If I need to make my own food, it's even harder. Here's an approximate list of the steps involved if I want to make ramen in the microwave at university.
  • Notice that I am hungry.
  • Stop doing whatever I was doing before.
  • Stand up.
  • Do I want tea too? Where is my tea jar? Where is a chopstick to stir the tea with? Is there still tea in the tea jar?
    • Pick up the tea jar.
    • Take the tea jar to the bathroom.
    • Dump the remaining cold tea into the sink.
    • Turn the sink on.
    • Put the jar under the sink.
    • Turn the sink off.
    • Empty the jar into the sink again.
    • Go back to my room.
  • Remember that I want ramen.
  • Grab a thing of ramen. (Do I still have the tea jar and the chopstick?)
  • Go down the stairs.
  • Do I want chicken in my ramen?
    • Take chicken out of the fridge. (actually several steps)
    • Dump chicken from bag to bowl.
    • Put chicken in microwave. (again several steps)
    • Set microwave for one minute.
  • Grab two tea bags.
  • Unwrap the tea bags.
  • Put the tea bags in the jar.
  • Fill the jar with boiling water. (Thank blob we have a machine that dispenses boiling water.)
  • Open the ramen package.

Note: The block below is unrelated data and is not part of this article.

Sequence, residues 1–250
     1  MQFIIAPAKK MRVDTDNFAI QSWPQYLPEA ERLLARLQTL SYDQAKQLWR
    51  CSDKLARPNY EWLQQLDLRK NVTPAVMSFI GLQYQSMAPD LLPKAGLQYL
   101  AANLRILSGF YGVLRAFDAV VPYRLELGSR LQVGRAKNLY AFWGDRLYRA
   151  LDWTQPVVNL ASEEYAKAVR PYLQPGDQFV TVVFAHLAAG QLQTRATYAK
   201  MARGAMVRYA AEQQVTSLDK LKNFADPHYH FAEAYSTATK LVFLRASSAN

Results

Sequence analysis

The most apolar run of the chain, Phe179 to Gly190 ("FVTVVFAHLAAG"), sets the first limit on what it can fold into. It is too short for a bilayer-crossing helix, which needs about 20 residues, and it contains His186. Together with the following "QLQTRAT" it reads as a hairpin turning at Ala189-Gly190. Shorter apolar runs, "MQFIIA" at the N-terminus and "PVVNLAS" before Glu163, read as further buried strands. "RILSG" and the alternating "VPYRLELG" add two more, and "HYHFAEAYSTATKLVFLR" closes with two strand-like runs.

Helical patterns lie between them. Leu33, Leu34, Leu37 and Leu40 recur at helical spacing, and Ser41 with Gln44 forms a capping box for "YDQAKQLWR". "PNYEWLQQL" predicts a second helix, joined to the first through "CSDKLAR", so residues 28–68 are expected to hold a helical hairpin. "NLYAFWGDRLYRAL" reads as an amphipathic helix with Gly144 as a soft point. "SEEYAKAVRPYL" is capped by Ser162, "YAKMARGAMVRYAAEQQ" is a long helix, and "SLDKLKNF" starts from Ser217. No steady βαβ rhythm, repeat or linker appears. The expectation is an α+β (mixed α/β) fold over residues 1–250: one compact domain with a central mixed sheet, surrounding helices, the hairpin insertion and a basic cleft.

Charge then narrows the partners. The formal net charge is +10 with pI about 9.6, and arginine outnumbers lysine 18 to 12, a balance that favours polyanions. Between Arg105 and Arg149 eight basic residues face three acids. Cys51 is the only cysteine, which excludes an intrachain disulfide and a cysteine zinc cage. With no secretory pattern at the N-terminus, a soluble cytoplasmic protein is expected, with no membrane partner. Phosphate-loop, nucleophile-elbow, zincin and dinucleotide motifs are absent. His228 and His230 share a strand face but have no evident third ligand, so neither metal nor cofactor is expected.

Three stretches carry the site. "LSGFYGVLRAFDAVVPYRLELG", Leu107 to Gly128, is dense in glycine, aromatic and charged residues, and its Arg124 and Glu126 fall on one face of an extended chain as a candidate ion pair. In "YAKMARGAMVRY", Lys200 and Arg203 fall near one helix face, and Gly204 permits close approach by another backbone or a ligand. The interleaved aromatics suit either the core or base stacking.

• Remove the two small bags from the ramen package.
  • Empty the vegetable bag into the ramen container. (Do... something with the spices bag.)
  • Fill the ramen container with boiling water.
  • Carry the container full of boiling water to the microwave (don't spill!)
  • Put the ramen in the microwave.
    • Take the chicken out of the microwave if applicable.
  • Set the microwave for four minutes.
    • Add sugar to tea. 
    • Stir tea with chopstick.
    • Add whole milk to tea.
    • Do something for the remainder of the four minutes. Could be fall over on the couch in the room that has the microwave and fridge. Let's go with that because it means I'm still in the room when the timer goes off and this is long already.
  • Pull the ramen out of the microwave. Hot hot hot!
  • Carry ramen, tea, bag of spices, and possibly chicken upstairs.
  • Add spices+additional cayenne to ramen.
  • Mix ramen (more chopsticks.)
    • Add chicken to ramen, if applicable.
    • Mix ramen again.
And now, finally, I have ramen and tea. Realize that some of these steps could be broken down further. None of these steps are automatic for me. I can (and have) forgotten what I was doing and wandered off between any two of these. When I need to boil the water myself, I forget that I have boiled water for long enough that I need to boil it again an average of three times before I actually manage to make myself tea or ramen. 

So the thing I actually need, often, is someone who can remind me (but only at the actual time I need to do the thing, ahead of time is worse than useless) about a thing I need to do, possibly walk me through steps (and not in a "this is how you do the thing" way, because I actually do know how to do the thing and being condescended to will only make me mad), and in some cases, just make the thing happen for me because seriously this is not happening right now. Are any of those the skills they're going to teach me? No, because they aren't actually skills. 

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  1. You have so got it. I've been dealing with this more than 50 years.